# Bifid Cipher

## Introduction

The Bifid cipher is one of several ciphers invented around the turn of the 20th century by Fench amateur cryptographer Félix Delastelle. It is based around the use of a Polybius square along with some transposition.

## Example

First, draw up a Polybius square. The following one leaves out the letter 'J'. All 'J's will be rounded down to the letter 'I' in our message.

 1 2 3 4 5 1 M X T S V 2 G W B C F 3 N D R Z L 4 O Y Q A P 5 I H K U E

To encode the message, 'THE SECRET IS OUT', we work out the coordinates of each character in our Polybius square.

THESECRETISOUT
Row15515235151451
Column32545435314143

We encode the message into cipher text by reading pairs of co-ordinates horizontally from our grid (in rows) rather than vertically, as we laid them out. If we do that as one long string, we get,

1, 5, 5, 1, 5, 2, 3, 5, 1, 5, 1, 4, 5, 1,3, 2, 5, 4, 5, 4, 3, 5, 3, 1, 4, 1, 4, 3

From this, we can read out a new set of co-ordinate pairs and use our Polybius square to encode them as letters,

 1, 5 V 5, 1 I 5, 2 H 3, 5 L 1,5 V 1, 4 S 5, 1 I 3, 2 D 5, 4 U 5, 4 U 3, 5 L 3, 1 N 4, 1 O 4, 3 Q

This gives a final cipher text of,

VIHLVSIDUULNOQ

## Programming The Cipher

This is another one of those ciphers where the by-hand process is more straightforward than writing the programming logic. It is also the type of cipher that can be implemented with a wide range of different data structures. The pseudocode in this section will use a single string to store the Polybius square using the techniques described in the Tap Code page.

The plain text is already cleaned up in this example. An explanation of how to do this is covered in the page on the Vignère page.

### Encryption

```plain ← "THESECRETISOUT" cipherAlphabet ← "MXTSVGWBCFNDRZLOYQAPIHKUE" DECLARE INTEGER new_places[plain.LENGTH * 2 - 1] position ← 0 FOR i ← 0 TO plain.LENGTH - 1    position ← cipherAlphabet.INDEXOF(plain(i))    new_places[i] ← position DIV 5 + 1    new_places[i + plain.LENGTH] ← position MOD 5 + 1 END FOR cipher ← "" counter ← 0 FOR i ← 0 TO plain.LENGTH - 1    cipher ← cipher + cipherAlphabet(((new_places[counter] - 1) * 5) + new_places[counter + 1] - 1)    counter ← counter + 2 END FOR OUTPUT cipher```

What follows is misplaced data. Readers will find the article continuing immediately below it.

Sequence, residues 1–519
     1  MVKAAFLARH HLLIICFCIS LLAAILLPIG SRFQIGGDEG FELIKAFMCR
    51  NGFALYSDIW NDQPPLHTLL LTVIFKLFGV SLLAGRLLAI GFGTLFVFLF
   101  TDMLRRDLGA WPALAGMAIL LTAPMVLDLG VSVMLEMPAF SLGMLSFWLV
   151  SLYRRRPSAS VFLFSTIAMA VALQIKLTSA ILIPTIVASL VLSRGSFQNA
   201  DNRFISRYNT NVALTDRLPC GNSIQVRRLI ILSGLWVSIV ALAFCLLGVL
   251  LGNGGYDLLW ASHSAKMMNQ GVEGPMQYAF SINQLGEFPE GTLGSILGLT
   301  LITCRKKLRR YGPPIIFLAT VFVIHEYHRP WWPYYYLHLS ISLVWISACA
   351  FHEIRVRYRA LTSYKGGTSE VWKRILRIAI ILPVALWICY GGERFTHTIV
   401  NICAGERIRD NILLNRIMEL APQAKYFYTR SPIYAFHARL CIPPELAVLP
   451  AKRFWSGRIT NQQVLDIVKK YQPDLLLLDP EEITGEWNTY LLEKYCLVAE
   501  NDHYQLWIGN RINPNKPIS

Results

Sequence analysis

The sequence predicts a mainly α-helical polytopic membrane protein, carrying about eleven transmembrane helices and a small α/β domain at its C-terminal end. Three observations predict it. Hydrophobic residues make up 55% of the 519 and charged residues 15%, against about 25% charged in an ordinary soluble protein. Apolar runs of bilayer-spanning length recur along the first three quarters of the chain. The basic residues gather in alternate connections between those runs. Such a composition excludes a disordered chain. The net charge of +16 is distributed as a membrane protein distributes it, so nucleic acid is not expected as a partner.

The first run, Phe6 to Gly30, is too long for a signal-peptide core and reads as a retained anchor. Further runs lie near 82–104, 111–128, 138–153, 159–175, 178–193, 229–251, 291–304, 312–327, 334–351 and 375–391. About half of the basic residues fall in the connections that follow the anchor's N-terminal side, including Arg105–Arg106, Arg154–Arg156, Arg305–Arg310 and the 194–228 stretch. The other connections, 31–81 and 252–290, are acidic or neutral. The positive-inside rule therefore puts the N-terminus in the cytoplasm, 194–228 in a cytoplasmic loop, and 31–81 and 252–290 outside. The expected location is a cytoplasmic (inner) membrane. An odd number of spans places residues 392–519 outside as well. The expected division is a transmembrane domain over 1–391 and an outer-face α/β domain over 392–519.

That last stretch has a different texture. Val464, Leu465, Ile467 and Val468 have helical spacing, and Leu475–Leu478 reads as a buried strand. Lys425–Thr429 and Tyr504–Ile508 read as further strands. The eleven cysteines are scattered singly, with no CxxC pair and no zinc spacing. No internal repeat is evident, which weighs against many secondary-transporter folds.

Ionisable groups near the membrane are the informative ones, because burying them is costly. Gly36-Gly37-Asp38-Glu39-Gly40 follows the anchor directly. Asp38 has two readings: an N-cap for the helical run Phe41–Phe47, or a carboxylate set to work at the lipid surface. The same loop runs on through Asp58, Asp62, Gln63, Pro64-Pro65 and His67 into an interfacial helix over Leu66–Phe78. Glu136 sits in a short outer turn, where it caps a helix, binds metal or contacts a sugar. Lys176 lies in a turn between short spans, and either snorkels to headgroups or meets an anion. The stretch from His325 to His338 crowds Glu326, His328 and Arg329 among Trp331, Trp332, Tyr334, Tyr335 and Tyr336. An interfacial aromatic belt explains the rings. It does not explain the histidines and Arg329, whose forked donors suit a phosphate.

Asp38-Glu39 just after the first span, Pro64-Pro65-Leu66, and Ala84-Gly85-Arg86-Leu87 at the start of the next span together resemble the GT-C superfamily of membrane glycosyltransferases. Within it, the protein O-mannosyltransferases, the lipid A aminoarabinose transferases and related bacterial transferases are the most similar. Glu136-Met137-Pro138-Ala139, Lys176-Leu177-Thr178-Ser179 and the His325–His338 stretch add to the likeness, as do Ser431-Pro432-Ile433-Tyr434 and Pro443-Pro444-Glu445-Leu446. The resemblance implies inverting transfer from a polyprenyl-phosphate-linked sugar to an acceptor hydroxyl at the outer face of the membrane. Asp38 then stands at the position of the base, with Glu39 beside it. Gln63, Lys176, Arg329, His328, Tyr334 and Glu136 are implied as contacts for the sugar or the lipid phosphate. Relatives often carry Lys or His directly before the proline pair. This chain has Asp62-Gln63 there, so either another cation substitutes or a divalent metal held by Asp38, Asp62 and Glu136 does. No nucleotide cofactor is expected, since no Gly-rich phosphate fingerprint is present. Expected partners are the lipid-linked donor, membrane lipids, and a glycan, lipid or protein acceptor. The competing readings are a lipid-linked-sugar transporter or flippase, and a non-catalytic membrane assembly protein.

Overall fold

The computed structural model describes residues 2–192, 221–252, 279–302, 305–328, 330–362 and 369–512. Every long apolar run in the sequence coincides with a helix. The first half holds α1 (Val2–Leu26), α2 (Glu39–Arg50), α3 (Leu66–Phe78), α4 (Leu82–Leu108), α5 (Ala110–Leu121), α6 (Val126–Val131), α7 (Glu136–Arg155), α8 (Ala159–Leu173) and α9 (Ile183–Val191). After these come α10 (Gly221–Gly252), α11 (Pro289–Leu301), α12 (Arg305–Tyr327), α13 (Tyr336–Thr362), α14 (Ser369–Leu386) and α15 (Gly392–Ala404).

We use an array of integers to store the co-ordinates. You can create two arrays, one for rows, one for columns. It is a shorter solution if you place the co-ordinates usefully as you work them out.

### Decryption

As with the algorithm for encryption, the trick is in how you build and output the array of co-ordinate values.

```cipherAlphabet ← "MXTSVGWBCFNDRZLOYQAPIHKUE" cipher ← "VIHLVSIDUULNOQ" DECLARE INTEGER new_places[plain.LENGTH * 2 - 1] counter ← 0 FOR i ← 0 TO cipher.LENGTH - 1    position ← cipherAlphabet.INDEXOF(plain(i))    new_places[counter] ← position DIV 5 + 1    new_places[counter + 1] ← position MOD 5 + 1    counter ← counter + 2 END FOR out ← "" FOR i ← 0 TO cipher.LENGTH - 1    out ← out + cipherAlphabet(((new_places[counter] - 1) * 5) + new_places[counter + cipher.LENGTH] - 1) END FOR OUTPUT OUT```

## Challenges

Once you have implemented this, you should recall that the letter 'J' was left out of our Polybius square. You will need a method for 'rounding' these letters to make them 'I'. Simply replacing them in the original string would do.

Generating a Polybius square at random and turning it into a cipher alphabet would be a useful addition. For variety, a keyword based square could be made following whatever filling method you choose.

Why not explore the impact of doing multiple encryptions on some text? A program could do this for you quickly.